Canadiens History, Editor's Choice, Jonathan Drouin, Marc Bergevin, Mikhail Sergachev

Canadiens That Got Away: Mikhail Sergachev

Acquiring Jonathan Drouin from the Tampa Bay Lightning in June 2017 is one of Marc Bergevin’s major moves as general manager of the Montreal Canadiens. On one hand, fans were thrilled to finally have a Quebec-born player of Drouin’s calibre. On the other hand, they weren’t happy to give up Mikhail Sergachev, the team’s top defensive prospect and ninth overall selection in the 2016 NHL Entry Draft. Three years later, skeptics of this trade have reason to say: “I told you so.”

Related: Revisiting Sergachev for Drouin Trade

The conditions for the two draft picks involved in the deal were not met so ultimately Drouin and Sergachev were swapped one for one. Drouin was 22 years old when he joined the Canadiens and appeared poised to become a regular 65+ point contributor for his hometown team. That breakthrough hasn’t happened yet. In three seasons, Drouin has 114 points in 185 games, including 53 points last season to tie a career-best.

By comparison, Sergachev has 106 points in 224 games with the Lightning. This season, he had 10 goals and 34 points in 70 games and a plus-15 rating. The Russian defender averaged 20:22 of ice time per game, up from 17:55 last season, and played regularly on the penalty kill as well as the second power-play unit.

A Big Hole on Defense

Although Drouin has yet to live up to expectations in Montreal, he’s still only 25 which means there’s time for him to show why he was the third overall pick in the 2013 Draft. This season, the native of Ste-Agathe, Quebec had 15 points in 27 games and was playing his best, most inspired hockey as a Hab before a wrist injury and subsequent surgery ruined his progress. That glimpse at the extent of Drouin’s talent is what Bergevin is banking on for the future.

“When you have the chance to get your hands on a player of Jonathan’s talent at a young age, it’s very important. This opportunity probably hasn’t been available to me in five years. Plus, he’s a kid from here, so for me it was a decision I had to make. Giving up Sergachev was not easy, but acquiring Jonathan was a chance we couldn’t pass up,” Bergevin explained at the time of the trade.

Jonathan Drouin, Montreal Canadiens
Jonathan Drouin, Montreal Canadiens (Amy Irvin / The Hockey Writers)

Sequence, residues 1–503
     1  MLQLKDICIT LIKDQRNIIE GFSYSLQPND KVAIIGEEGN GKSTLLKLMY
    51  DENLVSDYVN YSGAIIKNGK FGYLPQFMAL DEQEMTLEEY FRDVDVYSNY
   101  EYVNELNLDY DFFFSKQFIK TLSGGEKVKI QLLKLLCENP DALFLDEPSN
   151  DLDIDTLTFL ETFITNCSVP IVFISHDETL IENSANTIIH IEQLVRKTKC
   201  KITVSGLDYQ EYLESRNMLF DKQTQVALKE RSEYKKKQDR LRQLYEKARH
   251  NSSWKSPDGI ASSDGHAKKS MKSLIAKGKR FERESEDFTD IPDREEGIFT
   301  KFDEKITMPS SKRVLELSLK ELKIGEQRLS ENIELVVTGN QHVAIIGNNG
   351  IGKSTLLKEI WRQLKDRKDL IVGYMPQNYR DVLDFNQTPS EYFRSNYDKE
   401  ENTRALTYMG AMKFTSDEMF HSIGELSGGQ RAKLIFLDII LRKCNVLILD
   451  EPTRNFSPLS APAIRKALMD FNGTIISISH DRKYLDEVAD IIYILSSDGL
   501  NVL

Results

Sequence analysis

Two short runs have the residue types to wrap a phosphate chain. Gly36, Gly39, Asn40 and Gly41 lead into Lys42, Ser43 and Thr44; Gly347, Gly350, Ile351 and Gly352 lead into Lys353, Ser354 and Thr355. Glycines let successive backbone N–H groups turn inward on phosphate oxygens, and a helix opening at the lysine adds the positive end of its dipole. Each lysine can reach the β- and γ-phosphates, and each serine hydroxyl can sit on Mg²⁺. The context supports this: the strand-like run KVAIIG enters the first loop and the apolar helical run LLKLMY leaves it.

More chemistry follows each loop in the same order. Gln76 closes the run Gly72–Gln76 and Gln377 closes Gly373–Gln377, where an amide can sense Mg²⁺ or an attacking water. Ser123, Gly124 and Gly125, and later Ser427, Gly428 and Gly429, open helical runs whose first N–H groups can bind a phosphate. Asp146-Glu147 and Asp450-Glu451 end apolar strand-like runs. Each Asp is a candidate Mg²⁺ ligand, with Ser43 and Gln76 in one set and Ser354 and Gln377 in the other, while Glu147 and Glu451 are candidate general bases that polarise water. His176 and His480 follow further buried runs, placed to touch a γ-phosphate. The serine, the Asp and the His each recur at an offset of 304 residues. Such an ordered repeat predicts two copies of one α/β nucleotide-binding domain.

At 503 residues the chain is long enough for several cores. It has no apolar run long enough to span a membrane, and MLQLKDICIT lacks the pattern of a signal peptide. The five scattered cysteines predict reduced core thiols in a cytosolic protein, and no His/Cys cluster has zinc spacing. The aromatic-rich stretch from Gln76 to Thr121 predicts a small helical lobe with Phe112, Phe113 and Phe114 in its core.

However, in fulfilling a desire for a top-six forward and a local star, Bergevin left a gaping hole on the left side of his defense, one that he has been unable to fill during his tenure. Sergachev is precisely the type of player the Canadiens have been lacking, especially since Andrei Markov left for the KHL a few years ago. As a result, Shea Weber has not had a reliable partner on the top pair since he arrived in Montreal, one of the reasons why fans have been more excited about the draft lottery than the playoffs lately.

Related: Alexander Romanov Signs with the Montreal Canadiens

Even with the pending arrival of highly touted prospect Alexander Romanov, who agreed to terms on his entry-level contract last week and who can play on the left side, there remains a significant need on defense that has to be addressed. Drouin can’t do it no matter how many points he scores. A defenseman who can log big minutes, produce offensively, and be dependable defensively next to Weber is crucial to the Canadiens right now.

Will Bergevin Try Another Offer Sheet?

Sergachev is one of five pending restricted free agents on the Lightning roster this season. They are already tight against the cap, which is expected to stay flat for next season due to the ongoing COVID-19 pandemic, so Sergachev could be an offer sheet target, particularly for Bergevin as he continues his quest for a top-four defenseman.  

Bergevin surprised the league when he signed Sebastian Aho to an offer sheet last summer, which the Carolina Hurricanes easily matched, but it was a bold move nonetheless, and maybe he won’t hesitate to do it again.

Mikhail Sergachev Tampa Bay Lightning
Mikhail Sergachev, Tampa Bay Lightning (Amy Irvin / The Hockey Writers)

While Sergachev would be a perfect fit in Montreal that doesn’t mean he would sign an offer sheet with his former team if the opportunity presented itself, especially since he seems confident he will re-sign with the Lightning.

“It’s a little different obviously right now, but I’m trying to leave it to my agent. He’s going to deal with it, I guess. But for me, I just want to continue the season, play and get better and see what happens. I feel like they’re going to work out something. I have a good agent,” Sergachev said.

Related: Jean Beliveau, Miracle of Modesty

Perhaps a trade for Sergachev is a better option for the Canadiens, one similar to the deal Bergevin swung with the Chicago Blackhawks at the draft several years ago for pending RFA Andrew Shaw.

If a return to the Canadiens is not in Sergachev’s cards and Bergevin can’t find that missing piece on defense to play alongside Weber, we’ll be left wondering what could have been and ruing about the one that got away.

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